Monday, June 8, 2009

Magical Monday Life Filled with Magic, Fantasy and Mythological Roots





When you think of the fantasy genre, a number of magical characters spring to mind. Classic images of kindly old wizards with long white beards, flowing robes and pointy hats; short burly dwarves after a hard day’s work in the mines; and evil witches stirring a cauldron of mystical brew are traditional characters that fill our imaginations.

Throughout history there have been many types of people said to have practiced magic. They have studied the mysterious arts of alchemy, astrology, occultism and herbology and been the inspiration for some of our best known fantastical characters.

Sometimes there is confusion between the characterizations of some of the magical folk, so for the sake of definition, in the fantasy realm wizards are described as practitioners of magic and lore masters of mystifying knowledge. Much of their magic is done through spells, hand motions and/or wand waving. Witches are female versions of the same. Sorcerers are similar but often associated with dark magic and the powers of all that is evil while a mage is defined as one who is one with the ways of nature and able to utilize its powers and bring about transformations. Occultists are those who study the occult and utilize supernatural knowledge.

The practice of magic has appeared in many cultures worldwide. It has been predominant in history from Africa to South America, through Asian shamans and through Greco-Roman times. It was practiced widely in the Mediterranean basin and even the Middle East in the first centuries BC. One of the most popular historical backdrops occurs in the Medieval and Renaissance eras as advisors to royalty such as the tales of Merlin and Arthurian legend. The Merlin whose legend survives today appears in 1135 AD is a mixture of a fatherless baby named Ambrosias and a tale of a “wildman of the woods” popular in British tales. As the child Ambrosias made a number of very accurate prophecies it was surmised his father was an unearthly entity and the character morphed into a wizard with druid roots throughout literature.

Many of us grew up hearing fairy tales of fantasy. As we have grown, so have the realms of magic and fantasy. Wizards remain popular today in literature, movies and in role playing games like Worlds of Warcraft and Dungeons and Dragons; these stories are filled with magic spells, potions and weaponry.

There are many authors who have created fantasy worlds we have come to know and love as classics – Frank Baum allows you to hitch a ride on a cyclone to enter his classic realm of Oz, CS Lewis keeps his world of Narnia tucked neatly into the back of a wardrobe, JRR Tolkien with his epic Middle Earth and, more recently you can take a train ride from the magical Platform 9-3/4 to enter the wizarding world of Harry Potter by JK Rowling. So many doors leading to fantasy worlds. What is it about these fantastical realms that capture our hearts? Is it the fictitious world? The characters? Or perhaps the mystery of the magic? Just a thought...
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10 comments:

Patricia Stoltey said...

I find fantasy more appealing (as a reader) now that I'm an older adult than I did when I was a kid (when I read mostly dog and horse stories and mysteries).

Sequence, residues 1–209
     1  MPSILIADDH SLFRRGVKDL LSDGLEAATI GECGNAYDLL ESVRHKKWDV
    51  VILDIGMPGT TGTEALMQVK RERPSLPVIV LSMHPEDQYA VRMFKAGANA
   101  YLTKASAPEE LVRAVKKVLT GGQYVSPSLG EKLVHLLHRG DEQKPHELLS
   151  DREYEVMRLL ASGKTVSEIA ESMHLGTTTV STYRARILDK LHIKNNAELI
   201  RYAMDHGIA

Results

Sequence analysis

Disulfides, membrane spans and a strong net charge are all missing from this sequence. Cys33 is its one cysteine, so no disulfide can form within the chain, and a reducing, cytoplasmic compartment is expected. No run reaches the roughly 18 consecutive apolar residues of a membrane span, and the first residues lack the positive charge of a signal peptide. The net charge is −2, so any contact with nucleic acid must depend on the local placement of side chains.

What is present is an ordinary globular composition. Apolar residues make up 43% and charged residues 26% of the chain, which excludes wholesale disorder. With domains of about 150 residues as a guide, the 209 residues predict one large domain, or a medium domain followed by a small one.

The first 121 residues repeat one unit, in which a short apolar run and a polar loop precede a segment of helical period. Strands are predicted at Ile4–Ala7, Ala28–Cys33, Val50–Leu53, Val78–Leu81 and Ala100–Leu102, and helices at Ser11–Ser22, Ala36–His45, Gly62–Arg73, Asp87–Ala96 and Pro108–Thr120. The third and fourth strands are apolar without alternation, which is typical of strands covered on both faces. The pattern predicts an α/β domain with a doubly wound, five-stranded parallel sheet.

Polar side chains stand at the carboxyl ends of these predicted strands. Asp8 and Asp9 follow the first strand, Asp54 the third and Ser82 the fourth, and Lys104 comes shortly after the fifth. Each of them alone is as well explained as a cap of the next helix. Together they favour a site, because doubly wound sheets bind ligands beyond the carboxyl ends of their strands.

I think my new interest is fascination with each author's world-building techniques and imagination. I'm dipping into more and more fantasy and science-fiction novels these days.

Patricia

N A Sharpe said...

Hi Patricia,

I am happy to hear this - there are so many great stories out! A lot of fantasy stories are also flavored with elements from other genres - mystery, adventure, romanace even some have historical elements!

Nancy, from Just a Thought…

Karen Walker said...

So interesting,Nancy. I studied Wicca for awhile, so this is especially interesting to me.
Karen
http://www.karenfollowingthewhispers.blogspot.com

N A Sharpe said...

Really?!? Karen, I didn't know this. I'd love to hear more about it. That is a subject that intrigues me.

Nancy, from Just a Thought…

julielomoe said...

Where does shamanism fit into all this? I find myself drawn to Native American lore. Just finished a 15-month women's group, the Whirling Rainbow Lodge, based on the book "The 13 Original Clan Mothers" by Jamie Sams, which will probably be the subject of my next blog.

As a woman of Scandinavian heritage (3/4 Norwegian, 1/4 Swedish), I find myself drawn to the Nordic traditions too. I'm glad you're exploring this subject area - keep up the good work.

Julie Lomoe
Julie Lomoe's Musings Mysterioso
http://julielomoe.wordpress.com

N A Sharpe said...

Hi Julie! Thanks! Native american lore is fascinating. Admittedly I don't know a lot about shamanism, but have been finding references to it in some works. I am interested in learning a lot more about it. I'll definitely be interested in reading about it in your blog!

Nancy, from Just a Thought…

Danyelle said...

I love those stories! I like to read them to enjoy and escape life for a while, but the really good ones also make me stop and think. And then I see the world a little differently than I did before.

Great post!

N A Sharpe said...

Hi Danyelle! What I like about fantasy is often there is a story within a story.


Nancy, from Just a Thought…

Helen Ginger said...

I think it's the new worlds with new beings and the idea that these worlds operate in a way similar to ours but they have developed in a fascinating way. We can leave our world behind for a few hours and enter theirs.

Helen
Straight From Hel

N A Sharpe said...

Hi Helen,
And therein lies the fun of fantasy - brave new worlds and characters, I agree!

Nancy, from Just a Thought…

 
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